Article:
Long-Term Sexual Issues More Likely After Surgery for Prostate Cancer
New Videos Posted to VJPU
Men who undergo surgical treatment for prostate cancer are more likely to develop sexual problems than patients who undergo observation, according to a recent study in the New England Journal of Medicine.
Researchers analyzed up to 19.5 years of data from 731 men (average age 67 years) with localized prostate cancer. Roughly half of the participants underwent radical prostatectomy. The rest comprised an observation group, receiving treatment when symptoms became bothersome.
Over the follow-up period, higher rates of erectile dysfunction (ED) were found in the surgery group. These men also tended to experience less sexual interest, lower sexual frequency, and more urinary symptoms. However, they had a "significant lower risk of disease progression."
The researchers also concluded that for overall mortality, surgery did not appear to be better than observation for men with early-stage prostate cancer. Surgery was more beneficial for men with intermediate-risk disease.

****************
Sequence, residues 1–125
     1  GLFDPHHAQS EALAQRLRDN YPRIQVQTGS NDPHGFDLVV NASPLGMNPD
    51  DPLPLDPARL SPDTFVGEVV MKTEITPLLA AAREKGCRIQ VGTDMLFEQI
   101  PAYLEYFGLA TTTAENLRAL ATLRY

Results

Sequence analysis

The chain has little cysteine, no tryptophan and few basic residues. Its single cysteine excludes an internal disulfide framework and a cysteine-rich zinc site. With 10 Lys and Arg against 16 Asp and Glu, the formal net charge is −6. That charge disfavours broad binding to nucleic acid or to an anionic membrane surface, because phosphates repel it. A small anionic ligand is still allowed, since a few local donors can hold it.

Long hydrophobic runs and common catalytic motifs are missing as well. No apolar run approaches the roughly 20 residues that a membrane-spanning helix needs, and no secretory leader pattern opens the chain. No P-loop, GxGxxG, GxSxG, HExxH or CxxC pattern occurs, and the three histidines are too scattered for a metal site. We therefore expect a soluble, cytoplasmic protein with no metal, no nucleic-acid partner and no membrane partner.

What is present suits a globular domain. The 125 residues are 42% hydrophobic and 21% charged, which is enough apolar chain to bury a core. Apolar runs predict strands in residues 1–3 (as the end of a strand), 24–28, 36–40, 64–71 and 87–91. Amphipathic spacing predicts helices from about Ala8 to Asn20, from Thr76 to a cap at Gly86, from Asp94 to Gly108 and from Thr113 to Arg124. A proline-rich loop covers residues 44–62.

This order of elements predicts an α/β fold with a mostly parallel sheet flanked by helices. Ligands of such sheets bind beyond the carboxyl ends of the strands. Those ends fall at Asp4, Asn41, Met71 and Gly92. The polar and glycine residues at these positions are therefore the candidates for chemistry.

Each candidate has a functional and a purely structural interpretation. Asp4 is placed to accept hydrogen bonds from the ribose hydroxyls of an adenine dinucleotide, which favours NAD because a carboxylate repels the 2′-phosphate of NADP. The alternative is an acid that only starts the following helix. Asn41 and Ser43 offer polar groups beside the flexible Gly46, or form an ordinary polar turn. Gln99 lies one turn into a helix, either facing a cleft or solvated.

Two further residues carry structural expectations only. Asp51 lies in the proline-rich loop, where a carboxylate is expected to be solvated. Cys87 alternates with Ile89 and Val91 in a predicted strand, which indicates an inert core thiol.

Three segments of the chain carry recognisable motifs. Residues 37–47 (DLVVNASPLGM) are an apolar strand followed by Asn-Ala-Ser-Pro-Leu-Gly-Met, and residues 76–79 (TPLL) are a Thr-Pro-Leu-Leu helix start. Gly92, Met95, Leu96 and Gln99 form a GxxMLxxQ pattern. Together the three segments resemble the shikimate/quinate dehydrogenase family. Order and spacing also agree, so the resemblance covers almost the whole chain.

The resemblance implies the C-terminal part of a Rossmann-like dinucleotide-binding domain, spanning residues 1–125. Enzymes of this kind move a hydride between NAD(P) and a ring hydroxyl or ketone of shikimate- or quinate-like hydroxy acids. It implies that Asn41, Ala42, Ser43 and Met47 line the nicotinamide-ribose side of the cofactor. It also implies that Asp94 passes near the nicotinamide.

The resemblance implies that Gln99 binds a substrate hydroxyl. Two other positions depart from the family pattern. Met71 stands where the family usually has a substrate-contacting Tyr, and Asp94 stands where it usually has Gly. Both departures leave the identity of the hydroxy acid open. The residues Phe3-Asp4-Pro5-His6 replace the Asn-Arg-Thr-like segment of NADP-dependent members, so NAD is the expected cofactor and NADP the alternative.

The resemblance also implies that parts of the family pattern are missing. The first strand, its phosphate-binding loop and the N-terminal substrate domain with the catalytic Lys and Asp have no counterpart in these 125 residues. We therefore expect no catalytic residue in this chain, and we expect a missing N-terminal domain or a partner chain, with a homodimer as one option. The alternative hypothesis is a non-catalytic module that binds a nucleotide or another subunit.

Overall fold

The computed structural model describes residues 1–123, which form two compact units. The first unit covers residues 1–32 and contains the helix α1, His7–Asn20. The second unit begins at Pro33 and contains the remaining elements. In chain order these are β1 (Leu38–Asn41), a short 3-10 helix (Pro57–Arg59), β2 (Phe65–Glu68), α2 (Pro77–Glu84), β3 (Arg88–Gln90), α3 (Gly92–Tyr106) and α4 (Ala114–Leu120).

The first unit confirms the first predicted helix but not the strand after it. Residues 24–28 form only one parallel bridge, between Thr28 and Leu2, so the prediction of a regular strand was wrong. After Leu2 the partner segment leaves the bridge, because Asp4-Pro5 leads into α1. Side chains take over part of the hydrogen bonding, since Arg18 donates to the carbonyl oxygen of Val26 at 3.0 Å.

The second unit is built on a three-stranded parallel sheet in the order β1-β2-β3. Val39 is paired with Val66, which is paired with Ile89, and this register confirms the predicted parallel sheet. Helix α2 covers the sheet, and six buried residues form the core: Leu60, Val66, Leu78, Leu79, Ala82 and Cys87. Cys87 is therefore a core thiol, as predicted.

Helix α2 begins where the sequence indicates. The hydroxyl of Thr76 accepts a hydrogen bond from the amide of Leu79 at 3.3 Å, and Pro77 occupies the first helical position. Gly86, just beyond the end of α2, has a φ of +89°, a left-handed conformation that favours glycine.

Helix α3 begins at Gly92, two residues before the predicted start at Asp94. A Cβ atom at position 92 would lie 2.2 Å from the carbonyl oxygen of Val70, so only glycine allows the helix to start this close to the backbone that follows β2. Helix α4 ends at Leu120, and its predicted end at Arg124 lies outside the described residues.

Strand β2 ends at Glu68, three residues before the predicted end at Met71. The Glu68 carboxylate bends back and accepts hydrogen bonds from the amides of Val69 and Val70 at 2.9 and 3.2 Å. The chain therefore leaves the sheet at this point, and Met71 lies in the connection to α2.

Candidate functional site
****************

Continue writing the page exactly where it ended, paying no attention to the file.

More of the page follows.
For more details on the study, including rates of ED and frequency of sexual activity, please click here.
Please note that two new videos have been posted to the Video Journal of Prosthetic Urology (VJPU).
Both videos were produced by Dr. K.M.L.E. van Renterghem of Jessa Hospital Hasselt, University Hospitals Leuven, Belgium:
We encourage you to check out all the VJPU videos here. Thinking about submitting a video? You'll find the instructions here.